This article will explain internet design principles and share examples of these principles in real life. The collaboration of this article is part of the Internet Society’s Youth Ambassadorship for this year’s IGF in Berlin. The contributors for this piece are Malick K. ALASSANE, Yawovi Agbodaze, Zoey Barthelemy and Fatou Senghore.
The success and fast expansion of the Internet has been due to three critical design principles: openness, access, and end-to-end. Borrowing from the Internet Society (ISOC) definition and the author Stephen Krasner, a principle is understood as “beliefs of fact, causation, and rectitude”. These three principles are the cornerstone for the pervasive and ubiquitous internet uses in our daily lives today. It is very important for every stakeholder to keep in mind these principles as we continue to work on policies and best practices to govern the internet.
The first principle is ‘openness’. Openness can have multiple meanings for different stakeholders. One common understanding of openness can refer to technical standards. Another understanding for openness is the open and transparent process on deciding how the Internet should operate. This practice translates to minimal barriers to participation and access to information. Concerning Open standards, these are developed transparently and are non-proprietary by organizations such as the Internet Engineering Task Force (IETF), the Internet Research Task Force (IRTF) and the Internet Architecture Board (IAB). The standards that are developed are essential to enabling devices, services and applications to work together on a wide and dispersed network of networks, thus ensuring interoperability.
The second principle is access, this is a key design feature since the birth of the Internet that has allowed for its growth and expansion. The ‘access’ principle can be understood as no single entity or small collection of individuals can control the network as described by Leslie Daigle’s 2015 article On the Nature of the Internet. Lastly, the end-to-end principle is a key feature to ensure the reliability of the network. To reference ISCO, this principle is understood as whenever possible, communications protocol operations should be defined to occur at the end-points of a communications system, or as close as possible to the resource being controlled”.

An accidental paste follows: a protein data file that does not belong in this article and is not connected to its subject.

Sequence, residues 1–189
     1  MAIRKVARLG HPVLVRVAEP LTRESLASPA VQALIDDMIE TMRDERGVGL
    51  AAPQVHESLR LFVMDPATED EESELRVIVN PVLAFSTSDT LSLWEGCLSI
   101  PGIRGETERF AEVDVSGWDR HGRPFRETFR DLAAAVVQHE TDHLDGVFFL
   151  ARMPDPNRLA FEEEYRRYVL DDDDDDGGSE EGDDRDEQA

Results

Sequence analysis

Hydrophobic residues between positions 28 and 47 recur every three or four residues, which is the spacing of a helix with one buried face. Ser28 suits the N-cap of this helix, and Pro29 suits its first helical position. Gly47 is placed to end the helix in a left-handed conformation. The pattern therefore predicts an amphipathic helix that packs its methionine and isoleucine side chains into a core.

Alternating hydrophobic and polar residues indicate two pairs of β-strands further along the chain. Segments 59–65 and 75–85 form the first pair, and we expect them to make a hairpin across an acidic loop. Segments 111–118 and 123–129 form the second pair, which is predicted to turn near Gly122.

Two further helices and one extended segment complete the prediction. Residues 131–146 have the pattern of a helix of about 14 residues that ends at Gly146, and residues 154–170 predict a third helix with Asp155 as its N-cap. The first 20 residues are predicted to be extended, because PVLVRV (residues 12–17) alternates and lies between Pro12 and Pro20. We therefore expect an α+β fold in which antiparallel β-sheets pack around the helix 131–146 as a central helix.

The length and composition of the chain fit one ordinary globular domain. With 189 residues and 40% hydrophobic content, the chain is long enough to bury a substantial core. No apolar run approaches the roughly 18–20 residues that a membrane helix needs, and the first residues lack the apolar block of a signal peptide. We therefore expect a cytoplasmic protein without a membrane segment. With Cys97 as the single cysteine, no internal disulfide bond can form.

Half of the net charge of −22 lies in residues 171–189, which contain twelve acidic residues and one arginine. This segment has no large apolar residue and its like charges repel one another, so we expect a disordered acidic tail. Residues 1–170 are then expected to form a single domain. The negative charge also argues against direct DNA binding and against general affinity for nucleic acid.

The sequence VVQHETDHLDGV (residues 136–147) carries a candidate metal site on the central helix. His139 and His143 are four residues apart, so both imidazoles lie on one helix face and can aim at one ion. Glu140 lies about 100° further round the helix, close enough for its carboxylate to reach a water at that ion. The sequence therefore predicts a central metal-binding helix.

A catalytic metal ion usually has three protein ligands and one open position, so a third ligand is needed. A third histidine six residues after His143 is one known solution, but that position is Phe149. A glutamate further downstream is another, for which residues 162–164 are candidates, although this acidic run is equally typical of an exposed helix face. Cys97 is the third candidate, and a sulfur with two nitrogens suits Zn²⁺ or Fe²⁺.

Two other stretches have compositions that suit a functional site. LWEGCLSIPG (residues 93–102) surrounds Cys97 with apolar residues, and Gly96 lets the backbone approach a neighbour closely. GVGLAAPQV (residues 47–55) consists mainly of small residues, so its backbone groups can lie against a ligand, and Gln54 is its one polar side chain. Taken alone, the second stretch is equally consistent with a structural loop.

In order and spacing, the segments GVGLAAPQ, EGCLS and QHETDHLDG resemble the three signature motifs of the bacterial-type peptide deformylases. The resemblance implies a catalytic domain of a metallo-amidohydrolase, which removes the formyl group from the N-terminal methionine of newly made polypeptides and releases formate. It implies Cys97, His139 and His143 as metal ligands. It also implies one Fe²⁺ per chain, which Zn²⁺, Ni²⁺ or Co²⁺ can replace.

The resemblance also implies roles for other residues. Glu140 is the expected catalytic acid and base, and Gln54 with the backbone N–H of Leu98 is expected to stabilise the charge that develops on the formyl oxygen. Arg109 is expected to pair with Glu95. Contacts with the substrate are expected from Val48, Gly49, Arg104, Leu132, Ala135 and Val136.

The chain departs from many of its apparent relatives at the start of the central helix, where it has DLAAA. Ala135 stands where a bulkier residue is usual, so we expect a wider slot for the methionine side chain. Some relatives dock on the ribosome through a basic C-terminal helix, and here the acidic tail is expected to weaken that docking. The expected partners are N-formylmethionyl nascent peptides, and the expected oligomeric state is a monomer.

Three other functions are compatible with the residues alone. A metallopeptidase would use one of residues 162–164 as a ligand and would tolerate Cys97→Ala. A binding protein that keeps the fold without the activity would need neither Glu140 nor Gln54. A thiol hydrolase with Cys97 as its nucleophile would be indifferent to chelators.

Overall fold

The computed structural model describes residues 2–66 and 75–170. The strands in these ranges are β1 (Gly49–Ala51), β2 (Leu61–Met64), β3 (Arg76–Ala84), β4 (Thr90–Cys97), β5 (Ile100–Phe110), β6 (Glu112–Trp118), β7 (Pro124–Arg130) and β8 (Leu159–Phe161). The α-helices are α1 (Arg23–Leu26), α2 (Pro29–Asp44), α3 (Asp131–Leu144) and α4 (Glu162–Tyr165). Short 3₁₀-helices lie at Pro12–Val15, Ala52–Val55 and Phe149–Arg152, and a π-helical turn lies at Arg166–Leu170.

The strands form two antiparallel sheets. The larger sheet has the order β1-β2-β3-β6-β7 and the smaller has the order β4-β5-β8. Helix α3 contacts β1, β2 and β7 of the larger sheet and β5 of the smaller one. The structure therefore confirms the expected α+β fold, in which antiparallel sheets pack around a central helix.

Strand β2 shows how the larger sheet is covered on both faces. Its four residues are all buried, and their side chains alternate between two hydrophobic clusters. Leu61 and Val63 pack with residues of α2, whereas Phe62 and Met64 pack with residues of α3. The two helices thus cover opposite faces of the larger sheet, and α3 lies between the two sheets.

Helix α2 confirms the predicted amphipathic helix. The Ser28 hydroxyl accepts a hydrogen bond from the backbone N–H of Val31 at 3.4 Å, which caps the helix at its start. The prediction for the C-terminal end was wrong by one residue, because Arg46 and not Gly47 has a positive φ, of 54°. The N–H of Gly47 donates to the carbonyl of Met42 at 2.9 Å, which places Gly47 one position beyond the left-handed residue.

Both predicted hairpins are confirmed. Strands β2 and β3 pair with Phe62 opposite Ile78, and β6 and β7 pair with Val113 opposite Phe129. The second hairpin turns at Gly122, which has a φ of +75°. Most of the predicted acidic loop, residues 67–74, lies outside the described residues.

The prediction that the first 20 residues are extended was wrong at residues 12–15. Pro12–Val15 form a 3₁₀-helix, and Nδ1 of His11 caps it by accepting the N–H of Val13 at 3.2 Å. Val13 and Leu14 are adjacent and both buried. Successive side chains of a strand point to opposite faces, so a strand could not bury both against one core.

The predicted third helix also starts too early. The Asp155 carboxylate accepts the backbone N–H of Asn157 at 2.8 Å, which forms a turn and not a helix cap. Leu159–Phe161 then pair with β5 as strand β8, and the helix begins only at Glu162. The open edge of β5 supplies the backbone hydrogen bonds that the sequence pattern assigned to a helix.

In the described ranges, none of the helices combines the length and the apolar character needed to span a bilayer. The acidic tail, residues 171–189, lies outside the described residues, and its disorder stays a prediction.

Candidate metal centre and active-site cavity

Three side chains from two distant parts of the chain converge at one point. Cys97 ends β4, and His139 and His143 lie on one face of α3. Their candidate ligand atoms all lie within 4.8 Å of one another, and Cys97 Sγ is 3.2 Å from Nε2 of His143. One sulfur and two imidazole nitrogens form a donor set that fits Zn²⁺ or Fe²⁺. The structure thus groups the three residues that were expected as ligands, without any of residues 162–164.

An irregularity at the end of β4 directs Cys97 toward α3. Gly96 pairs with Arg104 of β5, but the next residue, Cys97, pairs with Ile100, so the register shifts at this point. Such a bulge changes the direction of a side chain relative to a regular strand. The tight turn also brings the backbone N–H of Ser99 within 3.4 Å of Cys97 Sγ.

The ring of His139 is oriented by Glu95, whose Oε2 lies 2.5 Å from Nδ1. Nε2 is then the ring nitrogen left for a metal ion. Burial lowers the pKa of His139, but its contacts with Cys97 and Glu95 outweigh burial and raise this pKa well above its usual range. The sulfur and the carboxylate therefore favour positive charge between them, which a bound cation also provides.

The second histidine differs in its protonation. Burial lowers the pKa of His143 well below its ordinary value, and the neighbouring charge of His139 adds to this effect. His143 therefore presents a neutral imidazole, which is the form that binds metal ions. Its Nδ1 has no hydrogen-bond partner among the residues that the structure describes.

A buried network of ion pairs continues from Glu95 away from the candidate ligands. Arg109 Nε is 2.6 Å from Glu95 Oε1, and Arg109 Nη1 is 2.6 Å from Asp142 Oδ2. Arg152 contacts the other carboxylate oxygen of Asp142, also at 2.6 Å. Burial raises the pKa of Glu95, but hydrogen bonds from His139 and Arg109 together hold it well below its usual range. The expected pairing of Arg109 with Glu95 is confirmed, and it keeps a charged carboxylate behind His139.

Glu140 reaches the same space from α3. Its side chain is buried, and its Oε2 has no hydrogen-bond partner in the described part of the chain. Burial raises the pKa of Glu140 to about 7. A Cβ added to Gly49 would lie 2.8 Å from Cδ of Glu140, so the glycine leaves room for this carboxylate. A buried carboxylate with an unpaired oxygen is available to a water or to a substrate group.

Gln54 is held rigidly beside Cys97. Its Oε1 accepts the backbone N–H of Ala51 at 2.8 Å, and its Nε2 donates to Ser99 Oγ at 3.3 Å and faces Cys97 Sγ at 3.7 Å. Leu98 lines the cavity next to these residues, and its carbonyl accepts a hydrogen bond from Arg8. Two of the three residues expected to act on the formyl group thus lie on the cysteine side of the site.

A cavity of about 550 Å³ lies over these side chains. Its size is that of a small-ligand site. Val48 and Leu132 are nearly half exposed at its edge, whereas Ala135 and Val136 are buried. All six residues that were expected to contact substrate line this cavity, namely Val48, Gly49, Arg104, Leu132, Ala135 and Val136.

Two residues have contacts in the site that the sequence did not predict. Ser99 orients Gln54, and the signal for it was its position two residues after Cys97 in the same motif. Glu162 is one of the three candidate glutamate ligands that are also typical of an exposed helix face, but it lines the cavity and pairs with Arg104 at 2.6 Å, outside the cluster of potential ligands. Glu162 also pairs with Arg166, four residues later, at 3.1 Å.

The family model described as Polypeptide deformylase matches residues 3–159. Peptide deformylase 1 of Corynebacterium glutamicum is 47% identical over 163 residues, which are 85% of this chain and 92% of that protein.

A real-life example of the internet design principle of ‘openness’ is open source software. Jitsi is a great example of an open source online video conferencing software that is driven by the community. For those who are unfamiliar, Jitsi provide the same service as Skype, webex/Cisco, or Google Hangout. However, in light of privacy or surveillance concerns, Internet users may wish to have alternative softwares that are not owned, designed, and controlled by leading American tech giants. Supporting open source software such as Jitsi is very important to upholding one of the key internet design principles of ‘openness’. Ethically, as empowered Internet users it is very important to choose open source software as the choice helps to sustainable their continued existence. As community members use and contribute to open source software, the user feedback help feed into future improvements. With more user-driven feedback the software can thus attract more users.
Another concrete illustration of the Internet Design Principles in real-life is Quad9. Quad9 is a free, recursive, anycast DNS platform that provides end users robust security protections, high-performance, and privacy. Quad9’s solution embodies the three fundamental design principles of the Internet. The solution is OPEN. The project was launched by IBM, PCH and GCA as a non-profit organisation based on the open standards of Secure DNS. Any organisation especially eXchange Points can subscribe and contribute by deploying their own server and proposing technical improvements. The 220.127.116.11 is accessible to individuals and organisations as well with no requirement. Put 18.104.22.168 as your DNS nameserver, and it’s all good. Quad9 is compliant with the end-to-end principle since the intelligence and security added to their dns infrastructure is not happening upon the network but on the edge.
A final real-life example of the Internet design principle “end-to-end” is the moving of packets from the source to destination at a low cost. This is an important practice to ensure that all packets are treated equally, also known as: Packet Switching. This practice of transmitting data over the digital network helped to improve transmission speed and reliability and decrease communication cost. Packets can travel on any route between the sender and receiver as it facilitates the development of dynamic routing algorithms that quickly discover other alternative routes if the primary one fails. There is no dedicated resources between the sender and the receiver as the packet switched network allows multiplexing packets from different communications. Thus, the end-to-end paradigm helps to detect malicious activity and reacts quickly with responses and actions.
- Leslie Daigle, On the Nature of the Internet, GCIG Paper No. 7 (2015), page 6.
- Krasner, Stephen (1983): “Introduction,” in Stephen D. Krasner (ed.) International Regimes, Ithaca, NY: Cornell University Press).
- Open Internet Standards, https://www.internetsociety.org/issues/open-internet-standards/
- Internet Design Principles, http://users.atw.hu/denialofservice/ch03lev1sec2.html